The inability of most companies to double-check every bill that comes through their accounting departments has spawned an industry of specialized auditors. These businesses comb through bills -- telephone, utilities, medical, an travel and entertainment -- with an eye toward catching incorrect charges, overcharges, and a variety of other costly errors. Assuming that you don't have the staff to examine every payment your company makes, here are three areas that may be ripe for an audit.
* Worker's compensation claims: Because doctors generally bill a business's insurance company directly for medical services, the concern doesn't get an itemized account of what it has actually paid for. An Inglewood, Calif., company will look at every claim for the most recent three years, including disability, attorneys' fees, hospital costs, and other medical payments, and balance those amounts against a company's insurance coverage. The business insurance administration service, ISCS Ltd., can figure out whether its client is entitled to receive money back from the insurance company, whether it is properly insured, or if any of its policies overlap. It will also audit current claims, and counsel injured employees on their rights and options.
* Freight changes: Nolan & Cunnings Inc., of Warren, Mich., determines whether a company is paying the correct rates for freight, both shipped and received. It also suggests which carriers should be used, and provides distribution reports on every item transported. New Century Freight Traffic Association Inc., in Chicago, examines air cargo, railroad, and truckline bills for the past three years, and files overcharge claims on its clients' behalf with the carriers.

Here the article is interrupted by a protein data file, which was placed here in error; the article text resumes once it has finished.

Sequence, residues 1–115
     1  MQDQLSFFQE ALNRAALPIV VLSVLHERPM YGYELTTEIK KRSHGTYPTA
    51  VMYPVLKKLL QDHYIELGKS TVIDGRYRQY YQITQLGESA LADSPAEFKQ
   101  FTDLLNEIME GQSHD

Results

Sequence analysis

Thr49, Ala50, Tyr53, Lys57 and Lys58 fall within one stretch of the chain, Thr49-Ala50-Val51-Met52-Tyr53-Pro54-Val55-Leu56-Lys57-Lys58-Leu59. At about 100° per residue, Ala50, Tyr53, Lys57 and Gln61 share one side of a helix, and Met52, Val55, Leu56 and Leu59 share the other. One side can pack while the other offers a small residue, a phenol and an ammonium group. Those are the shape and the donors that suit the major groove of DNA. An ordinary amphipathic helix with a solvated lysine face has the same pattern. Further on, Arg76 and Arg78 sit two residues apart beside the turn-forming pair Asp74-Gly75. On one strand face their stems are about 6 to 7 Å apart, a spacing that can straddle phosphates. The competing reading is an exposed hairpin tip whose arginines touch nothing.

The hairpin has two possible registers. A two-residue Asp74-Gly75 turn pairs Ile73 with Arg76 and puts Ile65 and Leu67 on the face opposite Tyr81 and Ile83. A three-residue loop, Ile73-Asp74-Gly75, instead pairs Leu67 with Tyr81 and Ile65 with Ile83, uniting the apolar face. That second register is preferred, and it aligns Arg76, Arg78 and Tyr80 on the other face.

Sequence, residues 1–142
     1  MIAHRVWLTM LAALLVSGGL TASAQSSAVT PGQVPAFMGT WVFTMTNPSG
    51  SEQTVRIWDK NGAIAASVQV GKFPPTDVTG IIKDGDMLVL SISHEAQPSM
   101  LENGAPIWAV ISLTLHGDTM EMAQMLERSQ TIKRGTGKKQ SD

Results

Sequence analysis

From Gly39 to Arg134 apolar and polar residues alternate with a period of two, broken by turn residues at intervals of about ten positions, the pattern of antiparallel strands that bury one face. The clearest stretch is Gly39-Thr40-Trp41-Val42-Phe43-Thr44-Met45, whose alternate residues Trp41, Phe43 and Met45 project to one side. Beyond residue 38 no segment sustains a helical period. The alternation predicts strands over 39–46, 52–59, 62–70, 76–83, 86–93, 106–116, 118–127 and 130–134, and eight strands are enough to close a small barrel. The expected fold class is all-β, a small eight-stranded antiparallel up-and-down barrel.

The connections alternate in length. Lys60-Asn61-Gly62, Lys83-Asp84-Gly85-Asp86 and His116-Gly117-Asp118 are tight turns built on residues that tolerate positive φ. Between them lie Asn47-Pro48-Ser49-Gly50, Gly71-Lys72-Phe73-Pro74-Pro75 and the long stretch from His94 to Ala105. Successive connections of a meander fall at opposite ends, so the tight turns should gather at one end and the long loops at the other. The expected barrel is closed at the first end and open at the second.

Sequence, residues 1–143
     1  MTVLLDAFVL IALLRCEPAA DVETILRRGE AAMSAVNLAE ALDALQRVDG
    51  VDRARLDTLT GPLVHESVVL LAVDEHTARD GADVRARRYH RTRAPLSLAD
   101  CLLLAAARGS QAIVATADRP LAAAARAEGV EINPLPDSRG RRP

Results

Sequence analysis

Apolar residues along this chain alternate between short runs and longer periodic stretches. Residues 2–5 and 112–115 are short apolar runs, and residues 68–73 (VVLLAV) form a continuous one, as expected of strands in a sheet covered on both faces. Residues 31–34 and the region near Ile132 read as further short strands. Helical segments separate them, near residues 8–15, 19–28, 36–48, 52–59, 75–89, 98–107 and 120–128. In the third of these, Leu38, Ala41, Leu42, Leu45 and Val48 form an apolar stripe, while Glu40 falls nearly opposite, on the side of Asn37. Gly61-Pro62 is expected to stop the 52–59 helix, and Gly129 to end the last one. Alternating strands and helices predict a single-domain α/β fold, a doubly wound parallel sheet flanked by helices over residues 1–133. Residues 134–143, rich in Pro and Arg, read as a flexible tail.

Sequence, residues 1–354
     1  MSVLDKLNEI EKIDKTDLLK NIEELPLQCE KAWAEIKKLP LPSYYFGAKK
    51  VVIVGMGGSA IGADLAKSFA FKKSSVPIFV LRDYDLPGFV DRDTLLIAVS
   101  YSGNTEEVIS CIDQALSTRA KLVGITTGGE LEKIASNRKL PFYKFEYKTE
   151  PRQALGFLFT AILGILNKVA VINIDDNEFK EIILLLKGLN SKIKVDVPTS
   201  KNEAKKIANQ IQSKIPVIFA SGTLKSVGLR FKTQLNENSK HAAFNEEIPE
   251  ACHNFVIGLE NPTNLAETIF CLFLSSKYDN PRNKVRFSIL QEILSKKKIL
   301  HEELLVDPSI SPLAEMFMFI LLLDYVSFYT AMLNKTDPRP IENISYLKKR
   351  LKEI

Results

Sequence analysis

* Legal fees: Risk Analysis & Management Corp., of St. Louis, reviews legal bills, including depositions, interrogatories, and travel expenses. Risk Analysis determines whether each charge is fully documented, necessary, and in accordance with American Bar Association guidelines. For example, a $1-million automobile dealership had a liability case that went to court. The company won, but it was saddled with a legal fee of about $62,750. An audit determined that the services performed were worth only $44,000. The law firm knocked $10,000 off the dealership's bill.